Because when I’m doing it, you know what I’m thinking? This is fun. This is great. This is what I want to read if I were reading a book.
Right. And that duo seems to come out of a tradition of cinematic, maybe bad guy duos, or cinematic antiheroes, or literary antiheroes. Do you have any antecedents in mind for those two either in theater, movies, literature?
Not for them. You know, I have a partnership. Elvis Cole’s not a lone entity. Elvis has a partner named Joe Pike.
So I have this duality of Elvis and Joe. When I created Harvey and Stemms, I actually wanted to do a flip on — you know, Elvis and Joe a pair, Harvey and Stemms a pair.
They’re like the antimatter Joe and Elvis.
Exactly, the bizzaro-world Elvis and Joe. That’s Harvey and Stemms. And that is the purpose of it, that it was going to be a two-on-two situation.
Right, it becomes a fair fight, with two criminals versus two detectives. Yeah, well that makes sense. So Joe Pike, who you mentioned, is a very reliable, sort of laconic ex-marine.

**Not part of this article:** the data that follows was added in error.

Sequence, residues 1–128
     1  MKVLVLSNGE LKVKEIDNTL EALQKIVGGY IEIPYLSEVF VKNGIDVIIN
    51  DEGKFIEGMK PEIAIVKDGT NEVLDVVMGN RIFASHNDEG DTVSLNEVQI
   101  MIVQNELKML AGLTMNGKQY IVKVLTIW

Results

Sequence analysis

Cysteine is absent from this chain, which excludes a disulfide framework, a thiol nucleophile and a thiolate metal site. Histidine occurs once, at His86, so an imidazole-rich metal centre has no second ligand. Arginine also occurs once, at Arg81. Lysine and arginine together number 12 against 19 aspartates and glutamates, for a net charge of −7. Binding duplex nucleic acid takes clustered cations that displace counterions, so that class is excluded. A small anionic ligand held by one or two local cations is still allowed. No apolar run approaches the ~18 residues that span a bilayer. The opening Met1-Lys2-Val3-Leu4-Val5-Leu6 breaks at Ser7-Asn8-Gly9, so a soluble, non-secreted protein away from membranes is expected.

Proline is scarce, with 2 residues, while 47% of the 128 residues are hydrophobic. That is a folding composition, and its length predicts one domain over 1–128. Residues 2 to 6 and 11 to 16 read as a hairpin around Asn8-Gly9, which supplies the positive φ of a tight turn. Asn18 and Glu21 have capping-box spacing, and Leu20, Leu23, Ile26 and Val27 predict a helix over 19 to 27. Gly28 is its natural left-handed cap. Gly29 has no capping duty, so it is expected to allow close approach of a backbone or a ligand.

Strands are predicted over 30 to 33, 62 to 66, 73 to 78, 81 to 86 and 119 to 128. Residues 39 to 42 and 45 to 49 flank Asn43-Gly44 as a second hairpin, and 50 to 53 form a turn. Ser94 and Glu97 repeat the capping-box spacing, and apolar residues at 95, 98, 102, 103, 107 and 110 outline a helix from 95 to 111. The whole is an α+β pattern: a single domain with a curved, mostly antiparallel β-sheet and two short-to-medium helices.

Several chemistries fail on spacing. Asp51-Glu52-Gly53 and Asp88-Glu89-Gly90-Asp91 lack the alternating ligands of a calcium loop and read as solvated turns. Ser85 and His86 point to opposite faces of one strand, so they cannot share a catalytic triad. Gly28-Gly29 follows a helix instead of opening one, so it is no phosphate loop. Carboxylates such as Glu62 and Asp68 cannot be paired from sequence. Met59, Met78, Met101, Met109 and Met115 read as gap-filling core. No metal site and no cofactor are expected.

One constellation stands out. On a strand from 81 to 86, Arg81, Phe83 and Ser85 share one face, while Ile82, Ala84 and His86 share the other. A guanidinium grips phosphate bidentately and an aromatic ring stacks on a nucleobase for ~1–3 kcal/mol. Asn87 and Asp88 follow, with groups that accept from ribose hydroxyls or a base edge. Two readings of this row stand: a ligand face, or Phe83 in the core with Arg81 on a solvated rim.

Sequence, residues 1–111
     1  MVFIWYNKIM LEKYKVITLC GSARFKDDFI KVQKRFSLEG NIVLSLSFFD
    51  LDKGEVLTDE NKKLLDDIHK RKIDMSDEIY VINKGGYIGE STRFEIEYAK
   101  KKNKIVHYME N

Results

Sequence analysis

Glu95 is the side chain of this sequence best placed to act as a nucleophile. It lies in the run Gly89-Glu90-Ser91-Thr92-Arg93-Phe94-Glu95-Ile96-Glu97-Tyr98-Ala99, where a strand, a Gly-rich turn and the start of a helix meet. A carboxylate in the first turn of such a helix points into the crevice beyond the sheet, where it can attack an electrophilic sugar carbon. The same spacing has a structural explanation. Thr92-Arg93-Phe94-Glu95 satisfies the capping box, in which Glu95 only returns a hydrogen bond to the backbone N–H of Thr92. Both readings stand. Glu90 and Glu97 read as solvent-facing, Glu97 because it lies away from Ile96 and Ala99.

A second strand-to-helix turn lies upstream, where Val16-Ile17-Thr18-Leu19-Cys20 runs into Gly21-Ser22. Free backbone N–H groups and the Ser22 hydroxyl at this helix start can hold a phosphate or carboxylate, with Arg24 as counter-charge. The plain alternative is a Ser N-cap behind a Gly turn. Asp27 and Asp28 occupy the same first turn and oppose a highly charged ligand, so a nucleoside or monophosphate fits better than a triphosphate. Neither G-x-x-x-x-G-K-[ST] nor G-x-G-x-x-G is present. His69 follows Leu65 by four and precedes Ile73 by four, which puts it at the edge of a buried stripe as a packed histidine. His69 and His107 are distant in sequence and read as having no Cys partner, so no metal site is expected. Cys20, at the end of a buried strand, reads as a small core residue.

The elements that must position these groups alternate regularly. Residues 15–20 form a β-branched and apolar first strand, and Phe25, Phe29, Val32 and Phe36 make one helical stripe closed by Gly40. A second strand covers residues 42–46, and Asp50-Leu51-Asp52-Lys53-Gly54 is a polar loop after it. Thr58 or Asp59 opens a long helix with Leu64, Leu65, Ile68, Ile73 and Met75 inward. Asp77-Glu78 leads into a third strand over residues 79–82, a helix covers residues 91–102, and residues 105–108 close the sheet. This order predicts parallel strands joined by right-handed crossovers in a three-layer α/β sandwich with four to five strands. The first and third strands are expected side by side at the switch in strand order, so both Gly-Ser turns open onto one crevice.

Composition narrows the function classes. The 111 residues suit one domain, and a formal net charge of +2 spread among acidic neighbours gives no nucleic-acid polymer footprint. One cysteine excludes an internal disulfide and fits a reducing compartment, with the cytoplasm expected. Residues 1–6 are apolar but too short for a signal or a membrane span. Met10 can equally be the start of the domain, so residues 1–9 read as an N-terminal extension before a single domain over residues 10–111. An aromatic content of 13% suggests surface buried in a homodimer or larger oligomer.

A force of nature.
Yeah, and an important part of this book. What does having a partnership, as opposed to a standard Sam Spade, Lew Archer kind of hero, allow you to do as a novelist that you wouldn’t if it was just a lone hero, a lone wolf?
To delve deeper into the identities of the characters. At least that’s the approach I’ve always taken. I like buddy pictures. I always responded to a duo. As an artist what appeals to me about them is that I can use these two characters to dig deeper into each other’s — I can use their partnership, friendship, love for each other to reveal more about them as characters, them as human beings. That’s the appeal to me. Elvis Cole can say things to Joe Pike that he would not realistically say to anyone else. And therefore I don’t need him to be internalized the way he would otherwise be. Ditto Joe Pike — you know, Joe doesn’t have a lot to say anyways. He’s not a talker. [Laughs.]